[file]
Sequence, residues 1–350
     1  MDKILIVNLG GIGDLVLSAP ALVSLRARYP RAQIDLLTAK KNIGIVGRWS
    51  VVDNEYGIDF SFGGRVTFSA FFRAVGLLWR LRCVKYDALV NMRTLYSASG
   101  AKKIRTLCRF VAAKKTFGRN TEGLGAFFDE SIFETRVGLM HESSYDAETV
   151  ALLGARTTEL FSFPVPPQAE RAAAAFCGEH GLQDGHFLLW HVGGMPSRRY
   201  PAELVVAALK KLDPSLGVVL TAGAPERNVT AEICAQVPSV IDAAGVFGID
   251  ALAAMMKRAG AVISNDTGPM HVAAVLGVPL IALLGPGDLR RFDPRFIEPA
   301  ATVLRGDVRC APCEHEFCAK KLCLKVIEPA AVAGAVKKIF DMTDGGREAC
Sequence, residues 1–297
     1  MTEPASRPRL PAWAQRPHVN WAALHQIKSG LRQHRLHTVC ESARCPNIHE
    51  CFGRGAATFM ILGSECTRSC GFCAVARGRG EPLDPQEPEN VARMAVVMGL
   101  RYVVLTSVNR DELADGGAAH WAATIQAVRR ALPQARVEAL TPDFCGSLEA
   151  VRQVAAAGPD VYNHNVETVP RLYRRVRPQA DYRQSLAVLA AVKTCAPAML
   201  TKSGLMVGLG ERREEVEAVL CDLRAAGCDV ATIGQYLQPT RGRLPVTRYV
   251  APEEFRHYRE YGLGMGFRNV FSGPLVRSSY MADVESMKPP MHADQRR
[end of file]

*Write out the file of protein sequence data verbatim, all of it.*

Sequence, residues 1–350
     1  MDKILIVNLG GIGDLVLSAP ALVSLRARYP RAQIDLLTAK KNIGIVGRWS
    51  VVDNEYGIDF SFGGRVTFSA FFRAVGLLWR LRCVKYDALV NMRTLYSASG
   101  AKKIRTLCRF VAAKKTFGRN TEGLGAFFDE SIFETRVGLM HESSYDAETV
   151  ALLGARTTEL FSFPVPPQAE RAAAAFCGEH GLQDGHFLLW HVGGMPSRRY
   201  PAELVVAALK KLDPSLGVVL TAGAPERNVT AEICAQVPSV IDAAGVFGID
   251  ALAAMMKRAG AVISNDTGPM HVAAVLGVPL IALLGPGDLR RFDPRFIEPA
   301  ATVLRGDVRC APCEHEFCAK KLCLKVIEPA AVAGAVKKIF DMTDGGREAC
Sequence, residues 1–297
     1  MTEPASRPRL PAWAQRPHVN WAALHQIKSG LRQHRLHTVC ESARCPNIHE
    51  CFGRGAATFM ILGSECTRSC GFCAVARGRG EPLDPQEPEN VARMAVVMGL
   101  RYVVLTSVNR DELADGGAAH WAATIQAVRR ALPQARVEAL TPDFCGSLEA
   151  VRQVAAAGPD VYNHNVETVP RLYRRVRPQA DYRQSLAVLA AVKTCAPAML
   201  TKSGLMVGLG ERREEVEAVL CDLRAAGCDV ATIGQYLQPT RGRLPVTRYV
   251  APEEFRHYRE YGLGMGFRNV FSGPLVRSSY MADVESMKPP MHADQRR